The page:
October 24, 2011
WESTERN CATHOLIC REPORTER
A substitute schoolteacher, Sylvia Forrow, was this year's valedictorian at Newman Theological College.
During a summer session nine years ago, Newman College offered a two-week liturgical art and environment course. Since Forrow was on the art and environment committee at St. Anthony's and St. Agnes parishes, taking the course seemed like an ideal fit.
Enjoying the whole experience so much, she decided to take more courses, something more in-depth. She found out about a program to attain a graduate diploma in religious education (GDRE), the first step towards attaining her master's in religious education.
"I took a course in summer school. It took me a few weeks to remember how to take notes, study for tests and a few other things. But I really enjoyed the course and got interested in it. I would take one course per session, which is what teachers usually do," explained Forrow.
She took summer courses and night courses, depending on what best suited her schedule. Newman was flexible for accommodating teachers and others with hectic, sometimes unstructured lives.
After earning her GDRE, only a few more courses - and the challenging task of writing a thesis - were required to attain her master's degree, which she now finds useful from a teaching perspective. Her hard work has paid off, culminating in her convocation Oct. 15.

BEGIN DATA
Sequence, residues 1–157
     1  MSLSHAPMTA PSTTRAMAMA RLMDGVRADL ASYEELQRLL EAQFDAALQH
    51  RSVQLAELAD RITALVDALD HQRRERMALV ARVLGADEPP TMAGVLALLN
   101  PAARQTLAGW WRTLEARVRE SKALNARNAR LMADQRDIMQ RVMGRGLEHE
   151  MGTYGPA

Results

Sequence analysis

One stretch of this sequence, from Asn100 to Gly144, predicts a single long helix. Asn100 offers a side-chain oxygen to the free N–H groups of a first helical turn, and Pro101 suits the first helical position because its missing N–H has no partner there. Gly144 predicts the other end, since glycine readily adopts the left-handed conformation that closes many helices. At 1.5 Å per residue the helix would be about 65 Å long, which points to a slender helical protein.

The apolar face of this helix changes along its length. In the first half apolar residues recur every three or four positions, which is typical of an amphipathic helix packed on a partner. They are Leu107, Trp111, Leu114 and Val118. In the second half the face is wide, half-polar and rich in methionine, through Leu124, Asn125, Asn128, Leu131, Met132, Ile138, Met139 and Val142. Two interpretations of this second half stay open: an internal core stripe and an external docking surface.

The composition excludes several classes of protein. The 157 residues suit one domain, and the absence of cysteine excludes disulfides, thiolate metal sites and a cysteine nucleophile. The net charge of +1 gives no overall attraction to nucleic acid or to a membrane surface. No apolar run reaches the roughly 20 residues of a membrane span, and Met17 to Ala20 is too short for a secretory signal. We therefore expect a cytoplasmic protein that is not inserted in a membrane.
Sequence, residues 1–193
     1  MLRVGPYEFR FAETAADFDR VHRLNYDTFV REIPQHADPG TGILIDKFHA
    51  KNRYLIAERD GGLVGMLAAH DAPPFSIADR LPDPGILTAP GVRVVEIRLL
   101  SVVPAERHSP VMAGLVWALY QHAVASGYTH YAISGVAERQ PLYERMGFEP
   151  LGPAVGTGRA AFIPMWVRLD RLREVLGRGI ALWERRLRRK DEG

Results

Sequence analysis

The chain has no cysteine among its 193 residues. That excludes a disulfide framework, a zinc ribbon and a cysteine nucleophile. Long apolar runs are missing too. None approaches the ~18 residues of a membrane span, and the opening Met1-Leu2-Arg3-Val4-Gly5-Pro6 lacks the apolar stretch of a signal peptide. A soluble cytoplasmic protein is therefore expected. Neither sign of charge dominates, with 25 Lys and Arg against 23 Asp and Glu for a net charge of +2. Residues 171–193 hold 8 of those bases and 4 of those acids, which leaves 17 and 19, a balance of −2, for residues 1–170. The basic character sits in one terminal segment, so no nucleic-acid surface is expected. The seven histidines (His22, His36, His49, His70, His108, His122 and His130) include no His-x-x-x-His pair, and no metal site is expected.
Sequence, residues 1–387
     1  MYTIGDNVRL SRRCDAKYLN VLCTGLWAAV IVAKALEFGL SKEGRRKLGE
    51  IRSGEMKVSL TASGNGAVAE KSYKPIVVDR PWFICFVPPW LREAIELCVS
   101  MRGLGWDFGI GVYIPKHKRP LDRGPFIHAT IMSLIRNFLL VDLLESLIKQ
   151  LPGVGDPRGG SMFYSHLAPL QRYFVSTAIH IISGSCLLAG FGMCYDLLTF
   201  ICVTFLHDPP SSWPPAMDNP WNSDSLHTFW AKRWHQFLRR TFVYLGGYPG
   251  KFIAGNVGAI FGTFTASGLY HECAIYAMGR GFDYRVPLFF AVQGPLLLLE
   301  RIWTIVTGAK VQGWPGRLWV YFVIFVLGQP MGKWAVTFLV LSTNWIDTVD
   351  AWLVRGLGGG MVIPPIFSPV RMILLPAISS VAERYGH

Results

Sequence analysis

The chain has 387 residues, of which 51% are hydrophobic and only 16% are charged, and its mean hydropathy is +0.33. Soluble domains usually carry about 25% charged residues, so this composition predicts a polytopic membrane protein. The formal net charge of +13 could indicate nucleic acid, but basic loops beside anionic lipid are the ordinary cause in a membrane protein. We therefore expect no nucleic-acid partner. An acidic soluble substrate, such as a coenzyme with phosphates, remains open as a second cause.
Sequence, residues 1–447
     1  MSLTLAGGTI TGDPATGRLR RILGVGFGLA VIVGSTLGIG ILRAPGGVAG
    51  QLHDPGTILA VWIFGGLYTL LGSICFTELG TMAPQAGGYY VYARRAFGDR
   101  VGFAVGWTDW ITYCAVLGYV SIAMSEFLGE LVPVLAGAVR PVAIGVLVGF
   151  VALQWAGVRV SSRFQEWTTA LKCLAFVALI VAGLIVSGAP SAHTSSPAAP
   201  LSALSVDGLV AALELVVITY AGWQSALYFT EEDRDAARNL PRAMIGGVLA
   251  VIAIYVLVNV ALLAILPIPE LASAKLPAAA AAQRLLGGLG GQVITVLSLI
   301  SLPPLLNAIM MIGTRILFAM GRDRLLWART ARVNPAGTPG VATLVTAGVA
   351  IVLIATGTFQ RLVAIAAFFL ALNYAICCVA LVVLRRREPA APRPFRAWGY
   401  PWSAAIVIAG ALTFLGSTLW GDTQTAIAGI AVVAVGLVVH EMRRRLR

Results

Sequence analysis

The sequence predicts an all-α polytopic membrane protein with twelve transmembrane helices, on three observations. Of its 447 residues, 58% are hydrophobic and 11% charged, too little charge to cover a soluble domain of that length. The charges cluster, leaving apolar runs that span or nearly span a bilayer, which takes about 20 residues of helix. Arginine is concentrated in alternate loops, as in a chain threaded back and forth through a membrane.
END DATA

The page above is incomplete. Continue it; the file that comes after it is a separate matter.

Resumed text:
Her favourite courses were those delving into the Old Testament and New Testament, as well as the Theology of God for Teachers.
As for the sacrifices she had to make to attain her degree, nothing was too excessive.
"It certainly takes time. It took time away from my husband. He had to put up with me muttering and mumbling in the room when I had to write something at the computer," she said.
The way the courses are structured for teachers, the instruction is geared towards practical use in the classroom. Now Forrow has a much wider knowledge base and can teach religion classes to students of any age.
"They do work differently at the different grade levels, and I feel much more comfortable about attempting to answer questions or, if I don't know, I can show them where they might find the answers," said Forrow.
She learned new approaches to developing her own spirituality. Exercises in class or something an instructor suggested have been worthwhile in broadening her own faith life.
Most of her writing assignments, including her thesis, were on the Rite of Christian Initiation of Adults. She pointed out that learning was mostly easy, but now putting that knowledge into practice in her RCIA ministry will be the hard part.
Another highlight for her was moving to the new Newman campus. Although she did not take any courses in those classrooms, she spent a lot of time in the college library.
In her work in Catholic schools she speaks with other teachers about her college experience, and always recommends Newman courses to them as well.
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